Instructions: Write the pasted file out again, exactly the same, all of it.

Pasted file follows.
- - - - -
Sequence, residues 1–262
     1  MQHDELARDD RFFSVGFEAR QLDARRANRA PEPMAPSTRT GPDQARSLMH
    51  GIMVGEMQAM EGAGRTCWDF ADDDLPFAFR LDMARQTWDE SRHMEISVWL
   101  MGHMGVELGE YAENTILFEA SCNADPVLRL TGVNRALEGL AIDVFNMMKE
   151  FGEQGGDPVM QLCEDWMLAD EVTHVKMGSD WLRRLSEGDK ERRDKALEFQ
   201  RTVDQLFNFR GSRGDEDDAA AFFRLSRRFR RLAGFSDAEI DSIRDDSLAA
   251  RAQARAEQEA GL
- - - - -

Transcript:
Sequence, residues 1–262
     1  MQHDELARDD RFFSVGFEAR QLDARRANRA PEPMAPSTRT GPDQARSLMH
    51  GIMVGEMQAM EGAGRTCWDF ADDDLPFAFR LDMARQTWDE SRHMEISVWL
   101  MGHMGVELGE YAENTILFEA SCNADPVLRL TGVNRALEGL AIDVFNMMKE
   151  FGEQGGDPVM QLCEDWMLAD EVTHVKMGSD WLRRLSEGDK ERRDKALEFQ
   201  RTVDQLFNFR GSRGDEDDAA AFFRLSRRFR RLAGFSDAEI DSIRDDSLAA
   251  RAQARAEQEA GL